Black women have a higher rate of breast cancer than White women, but they also have a lower survival rate. Dr. Shaina Rozell explains why this is the case.
MD Newsline: Why is the breast cancer survival rate among black women so low compared to their White counterparts?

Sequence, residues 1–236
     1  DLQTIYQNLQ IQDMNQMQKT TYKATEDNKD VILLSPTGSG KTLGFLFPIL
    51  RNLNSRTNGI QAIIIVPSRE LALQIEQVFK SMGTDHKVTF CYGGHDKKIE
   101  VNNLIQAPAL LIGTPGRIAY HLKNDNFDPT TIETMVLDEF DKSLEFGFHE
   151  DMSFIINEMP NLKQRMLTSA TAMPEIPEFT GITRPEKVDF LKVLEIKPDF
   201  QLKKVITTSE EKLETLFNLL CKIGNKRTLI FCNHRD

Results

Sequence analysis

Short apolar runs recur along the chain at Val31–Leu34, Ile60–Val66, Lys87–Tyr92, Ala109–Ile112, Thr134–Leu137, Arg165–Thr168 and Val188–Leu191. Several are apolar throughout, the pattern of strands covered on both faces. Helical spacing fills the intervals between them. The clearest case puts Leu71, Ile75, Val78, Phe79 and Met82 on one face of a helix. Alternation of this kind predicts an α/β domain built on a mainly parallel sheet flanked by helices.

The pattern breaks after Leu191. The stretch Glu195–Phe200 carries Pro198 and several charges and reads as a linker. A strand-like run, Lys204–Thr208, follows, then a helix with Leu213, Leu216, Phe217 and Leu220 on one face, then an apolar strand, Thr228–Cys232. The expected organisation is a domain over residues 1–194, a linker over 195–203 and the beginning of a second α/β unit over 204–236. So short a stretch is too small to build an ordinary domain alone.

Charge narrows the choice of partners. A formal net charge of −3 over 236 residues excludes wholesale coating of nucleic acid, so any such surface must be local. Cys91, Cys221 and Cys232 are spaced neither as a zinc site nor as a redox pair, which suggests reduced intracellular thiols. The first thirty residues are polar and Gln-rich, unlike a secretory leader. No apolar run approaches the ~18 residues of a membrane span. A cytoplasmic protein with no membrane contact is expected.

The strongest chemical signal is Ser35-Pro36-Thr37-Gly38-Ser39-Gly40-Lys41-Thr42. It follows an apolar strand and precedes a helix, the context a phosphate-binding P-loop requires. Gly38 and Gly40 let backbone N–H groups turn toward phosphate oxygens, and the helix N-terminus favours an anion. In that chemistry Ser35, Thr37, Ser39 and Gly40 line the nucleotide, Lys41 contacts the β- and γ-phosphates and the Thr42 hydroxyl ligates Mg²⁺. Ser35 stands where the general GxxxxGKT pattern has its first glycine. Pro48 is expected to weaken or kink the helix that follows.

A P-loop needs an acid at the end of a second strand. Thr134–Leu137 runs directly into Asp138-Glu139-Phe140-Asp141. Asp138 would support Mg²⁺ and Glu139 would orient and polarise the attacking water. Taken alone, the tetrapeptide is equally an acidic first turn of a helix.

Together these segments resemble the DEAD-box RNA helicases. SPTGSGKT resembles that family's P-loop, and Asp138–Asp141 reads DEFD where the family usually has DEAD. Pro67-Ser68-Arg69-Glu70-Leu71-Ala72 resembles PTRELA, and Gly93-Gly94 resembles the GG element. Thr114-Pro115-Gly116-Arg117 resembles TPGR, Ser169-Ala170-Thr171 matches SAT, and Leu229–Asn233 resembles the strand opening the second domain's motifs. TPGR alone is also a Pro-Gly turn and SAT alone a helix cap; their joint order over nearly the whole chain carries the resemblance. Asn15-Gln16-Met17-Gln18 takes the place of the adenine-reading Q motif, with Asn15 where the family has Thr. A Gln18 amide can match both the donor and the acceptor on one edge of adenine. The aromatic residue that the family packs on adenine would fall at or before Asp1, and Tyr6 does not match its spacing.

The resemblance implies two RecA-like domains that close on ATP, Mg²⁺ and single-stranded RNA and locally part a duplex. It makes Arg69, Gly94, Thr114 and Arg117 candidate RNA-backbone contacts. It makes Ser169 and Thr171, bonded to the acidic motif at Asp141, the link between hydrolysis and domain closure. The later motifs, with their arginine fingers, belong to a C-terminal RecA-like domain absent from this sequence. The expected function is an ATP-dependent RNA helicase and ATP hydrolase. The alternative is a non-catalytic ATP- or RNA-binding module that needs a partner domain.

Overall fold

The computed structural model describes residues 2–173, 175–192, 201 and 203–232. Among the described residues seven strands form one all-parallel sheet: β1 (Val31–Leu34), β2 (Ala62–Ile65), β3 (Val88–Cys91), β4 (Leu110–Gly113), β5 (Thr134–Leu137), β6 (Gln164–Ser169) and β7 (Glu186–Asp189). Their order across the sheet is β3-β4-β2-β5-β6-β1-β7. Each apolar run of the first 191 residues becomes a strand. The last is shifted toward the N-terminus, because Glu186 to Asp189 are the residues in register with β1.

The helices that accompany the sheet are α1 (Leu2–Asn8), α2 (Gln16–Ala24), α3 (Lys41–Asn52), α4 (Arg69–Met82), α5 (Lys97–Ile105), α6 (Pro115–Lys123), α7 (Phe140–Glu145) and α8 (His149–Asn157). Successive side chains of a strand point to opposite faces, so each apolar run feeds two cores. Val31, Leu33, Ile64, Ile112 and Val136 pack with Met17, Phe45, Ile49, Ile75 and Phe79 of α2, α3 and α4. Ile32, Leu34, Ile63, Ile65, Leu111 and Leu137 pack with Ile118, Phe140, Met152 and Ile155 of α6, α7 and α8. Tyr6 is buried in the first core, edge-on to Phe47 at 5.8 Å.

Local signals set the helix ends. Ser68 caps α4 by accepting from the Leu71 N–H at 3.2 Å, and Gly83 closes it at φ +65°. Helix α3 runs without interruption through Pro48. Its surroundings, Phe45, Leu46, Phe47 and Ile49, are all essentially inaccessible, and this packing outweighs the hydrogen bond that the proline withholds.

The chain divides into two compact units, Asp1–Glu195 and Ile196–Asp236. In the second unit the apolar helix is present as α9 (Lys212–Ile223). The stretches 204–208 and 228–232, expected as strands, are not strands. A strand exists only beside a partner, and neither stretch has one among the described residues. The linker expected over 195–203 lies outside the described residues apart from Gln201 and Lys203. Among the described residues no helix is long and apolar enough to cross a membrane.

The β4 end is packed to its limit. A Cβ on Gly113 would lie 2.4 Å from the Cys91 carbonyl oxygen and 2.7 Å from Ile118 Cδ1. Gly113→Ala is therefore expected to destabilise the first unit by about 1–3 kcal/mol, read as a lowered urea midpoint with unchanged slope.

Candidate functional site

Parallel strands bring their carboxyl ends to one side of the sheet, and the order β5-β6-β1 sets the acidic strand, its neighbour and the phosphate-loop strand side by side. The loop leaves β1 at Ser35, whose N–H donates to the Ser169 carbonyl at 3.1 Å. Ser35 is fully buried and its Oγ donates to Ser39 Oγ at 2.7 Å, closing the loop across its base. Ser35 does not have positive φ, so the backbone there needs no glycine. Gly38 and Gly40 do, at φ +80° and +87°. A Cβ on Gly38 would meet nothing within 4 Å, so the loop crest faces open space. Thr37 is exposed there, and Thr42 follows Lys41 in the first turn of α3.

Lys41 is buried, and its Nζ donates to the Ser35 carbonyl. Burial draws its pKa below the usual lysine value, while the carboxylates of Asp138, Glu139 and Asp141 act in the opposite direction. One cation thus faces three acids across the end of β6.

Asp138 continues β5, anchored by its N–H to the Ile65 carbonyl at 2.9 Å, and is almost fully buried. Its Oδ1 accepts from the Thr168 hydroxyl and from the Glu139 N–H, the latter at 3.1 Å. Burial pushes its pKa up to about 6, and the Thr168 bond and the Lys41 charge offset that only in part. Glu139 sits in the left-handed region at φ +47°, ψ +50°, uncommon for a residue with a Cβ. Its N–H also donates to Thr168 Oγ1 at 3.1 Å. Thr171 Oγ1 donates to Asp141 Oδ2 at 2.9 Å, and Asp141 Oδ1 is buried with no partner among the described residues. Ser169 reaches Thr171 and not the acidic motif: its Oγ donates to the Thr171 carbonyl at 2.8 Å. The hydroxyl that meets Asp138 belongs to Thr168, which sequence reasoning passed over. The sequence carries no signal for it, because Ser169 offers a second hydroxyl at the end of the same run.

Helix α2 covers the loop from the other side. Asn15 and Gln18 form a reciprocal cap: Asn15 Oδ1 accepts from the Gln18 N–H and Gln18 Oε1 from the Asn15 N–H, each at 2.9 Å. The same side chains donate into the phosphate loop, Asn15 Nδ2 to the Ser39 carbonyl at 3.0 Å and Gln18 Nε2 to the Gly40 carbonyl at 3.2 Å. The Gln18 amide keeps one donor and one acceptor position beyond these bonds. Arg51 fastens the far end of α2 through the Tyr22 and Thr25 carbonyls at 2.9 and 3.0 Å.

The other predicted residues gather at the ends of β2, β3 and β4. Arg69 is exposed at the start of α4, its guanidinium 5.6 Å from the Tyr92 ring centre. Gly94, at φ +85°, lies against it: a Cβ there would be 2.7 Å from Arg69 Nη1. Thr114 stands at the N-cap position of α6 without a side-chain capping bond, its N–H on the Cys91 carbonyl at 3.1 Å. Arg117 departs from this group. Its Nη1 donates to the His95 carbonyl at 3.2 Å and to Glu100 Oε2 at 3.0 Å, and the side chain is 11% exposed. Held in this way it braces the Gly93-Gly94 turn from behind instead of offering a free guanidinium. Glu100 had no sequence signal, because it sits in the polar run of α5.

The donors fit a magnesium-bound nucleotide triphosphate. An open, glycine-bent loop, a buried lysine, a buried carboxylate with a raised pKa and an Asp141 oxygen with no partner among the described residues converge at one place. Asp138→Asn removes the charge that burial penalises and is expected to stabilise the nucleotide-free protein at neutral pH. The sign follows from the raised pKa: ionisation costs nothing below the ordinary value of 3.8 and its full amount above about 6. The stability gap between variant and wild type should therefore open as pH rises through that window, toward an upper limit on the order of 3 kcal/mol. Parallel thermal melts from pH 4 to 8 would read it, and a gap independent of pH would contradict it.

Dr. Rozell: I think there are a number of reasons. Primarily it’s also just the biology of the disease, so we know that African-Americans have more triple-negative breast cancers as compared to their counterparts, and so we know that has a more aggressive behavior in biology but among, even kind of outside of that, you have just a more delayed diagnosis, and so we know that many African-Americans, they’re presenting at a later stage, which also affects their survival. There are a number of issues. We know that obesity, as far as the estrogen that is contained in fat, plays a role. And so there are a lot of like, social economic factors that are contributing. Patients are not wanting to get their mammograms, right? And that one’s due to fear of doctors. But too, if you’re working and you have to take care of your children as a single parent that’s not the main priority, so we know that there are a lot of issues, lots of lack of trust, the biology, the lack of education. Those are all kinds of factors that are contributing to kind of delayed diagnoses and also ultimate trends in higher mortality than their White counterparts.